In general, the optically variably interference device having peak suppression is comprised of a substrate having first and second surfaces. A thin film multilayer interference coating is disposed on the first surface. The interference coating is comprised of a metal reflector layer having a surface and at least two periods formed on the surface of the metal reflector layer with each period being comprised of a metal absorber layer and a spacer dielectric layer. The reflector interacts with the at least two periods of the interference coating to cause peak suppression at all angles in the design due to interference effects in the design by itself of at least two periods.
As more particularly shown in FIG. 1 of the drawings, the optically variable interference device 11 of the present invention is disposed on a substrate 12. The substrate 12 can be formed of any suitable material such as a flexible web, formed of a suitable plastic such as PET and of a suitable thickness as for example ranging from two to seven mils. The optical variable interference of device 11 is in the form of a multilayer thin film stack which is comprised of a reflector layer 16 having surfaces 17 and 18 with at least two periods being disposed on one of the surfaces as for example surface 17 to provide an asymmetric device. Each of the periods is formed of a metal absorber layer and a spacer dielectric layer. In order to form the thin film interference stack 11 on the substrate to provide the asymmetric optical variable interference device 11, the thin film layers forming the periods are deposited in reverse order upon the surface 13 of the substrate 12. Thus absorber layer 1 is first deposited on the surface 13 of the substrate 12 and is followed by a dielectric spatial layer 1 identified as 22 to provide the first period and this is followed by an absorber layer 2 identified as layer 23 and a dielectric spacer layer 2 identified as 24 for the second period, after which there is deposited thereon the reflector layer 16. Thus, it can be seen that a two period interference stack is provided with two dielectric spacers and two absorbers in alternating order.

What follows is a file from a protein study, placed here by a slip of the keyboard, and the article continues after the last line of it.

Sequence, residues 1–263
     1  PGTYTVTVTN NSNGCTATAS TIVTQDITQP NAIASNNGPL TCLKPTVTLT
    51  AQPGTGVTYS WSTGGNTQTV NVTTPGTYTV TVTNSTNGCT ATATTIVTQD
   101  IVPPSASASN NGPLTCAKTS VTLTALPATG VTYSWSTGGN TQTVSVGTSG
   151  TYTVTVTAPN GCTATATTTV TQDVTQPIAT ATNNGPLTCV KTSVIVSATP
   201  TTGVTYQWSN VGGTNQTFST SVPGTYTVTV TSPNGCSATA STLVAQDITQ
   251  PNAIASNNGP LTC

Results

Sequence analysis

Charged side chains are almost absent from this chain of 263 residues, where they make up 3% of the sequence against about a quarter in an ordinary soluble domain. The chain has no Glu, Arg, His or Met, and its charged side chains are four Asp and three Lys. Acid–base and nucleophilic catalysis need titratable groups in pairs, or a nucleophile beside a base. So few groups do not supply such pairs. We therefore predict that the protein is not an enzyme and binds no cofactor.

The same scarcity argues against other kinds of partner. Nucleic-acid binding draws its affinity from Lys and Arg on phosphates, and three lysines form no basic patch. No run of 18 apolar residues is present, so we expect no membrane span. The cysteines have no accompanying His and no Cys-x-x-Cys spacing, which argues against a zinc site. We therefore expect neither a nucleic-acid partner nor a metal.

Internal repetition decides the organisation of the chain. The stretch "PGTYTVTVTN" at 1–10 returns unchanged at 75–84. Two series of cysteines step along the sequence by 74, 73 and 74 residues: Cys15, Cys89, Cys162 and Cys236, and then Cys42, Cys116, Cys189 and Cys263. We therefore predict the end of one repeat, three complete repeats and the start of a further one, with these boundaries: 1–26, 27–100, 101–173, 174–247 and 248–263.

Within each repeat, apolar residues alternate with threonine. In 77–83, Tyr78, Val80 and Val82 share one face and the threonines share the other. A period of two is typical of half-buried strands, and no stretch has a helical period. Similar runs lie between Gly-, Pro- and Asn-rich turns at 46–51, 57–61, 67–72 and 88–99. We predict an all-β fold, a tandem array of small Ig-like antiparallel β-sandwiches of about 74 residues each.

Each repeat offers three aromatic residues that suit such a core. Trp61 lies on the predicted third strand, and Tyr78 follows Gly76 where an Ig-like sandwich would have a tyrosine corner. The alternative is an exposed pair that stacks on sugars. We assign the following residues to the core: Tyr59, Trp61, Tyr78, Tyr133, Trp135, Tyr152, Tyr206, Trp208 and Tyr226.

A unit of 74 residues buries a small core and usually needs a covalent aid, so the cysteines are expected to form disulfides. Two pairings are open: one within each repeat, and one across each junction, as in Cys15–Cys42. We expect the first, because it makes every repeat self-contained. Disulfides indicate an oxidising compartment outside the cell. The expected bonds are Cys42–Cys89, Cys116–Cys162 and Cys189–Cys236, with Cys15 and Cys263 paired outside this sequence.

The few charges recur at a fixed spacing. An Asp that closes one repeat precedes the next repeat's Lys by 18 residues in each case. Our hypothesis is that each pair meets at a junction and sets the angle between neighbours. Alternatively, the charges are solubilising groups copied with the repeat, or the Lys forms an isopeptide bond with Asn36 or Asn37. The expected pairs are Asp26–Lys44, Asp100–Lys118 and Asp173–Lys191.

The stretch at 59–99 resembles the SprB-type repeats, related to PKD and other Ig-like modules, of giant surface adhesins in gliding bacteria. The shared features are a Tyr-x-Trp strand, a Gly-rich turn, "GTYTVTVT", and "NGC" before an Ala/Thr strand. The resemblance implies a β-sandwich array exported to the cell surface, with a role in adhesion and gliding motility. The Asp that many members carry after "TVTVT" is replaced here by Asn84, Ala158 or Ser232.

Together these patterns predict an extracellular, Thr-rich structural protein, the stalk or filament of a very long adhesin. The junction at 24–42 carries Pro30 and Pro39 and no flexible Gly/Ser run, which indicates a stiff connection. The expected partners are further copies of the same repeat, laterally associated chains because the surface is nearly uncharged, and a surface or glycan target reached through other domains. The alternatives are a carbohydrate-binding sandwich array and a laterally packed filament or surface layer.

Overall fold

It has been found to achieve the best color in a two period multilayer interference stack, the outer absorber layer 1 should be between one third and one half the thickness of the innermost absorber layer. For best results it has been found that absorber layers should be made of a grey metal such as chrome, nickel, palladium, etc. The desired characteristics of the grey metal are described in U.S. Pat. No. 4,705,356.
The reflector layer 16 should be made of a highly reflective material such as silver or aluminum. However, lower reflecting materials such as chromium, nickel and palladium can be used. Even copper and gold can be utilized, however, they are not as desirable because they are highly dispersive and have less reflectance at the blue end of the spectrum and thus tend to distort color and to limit the ability to suppress peaks as hereinafter described in accordance with the present invention. The reflector layer 16 should be thick enough so that it is substantially opaque. For example, for aluminum this means that the aluminum should be approximately 400 Angstroms thick but can range in thickness to 1,000 Angstroms if desired. However, the increased thickness does not add to the performance of the interference device and only serves to increase the cost. It should be appreciated that there are applications of the present invention in which a semi-tansparent reflective layer 16 can be provided.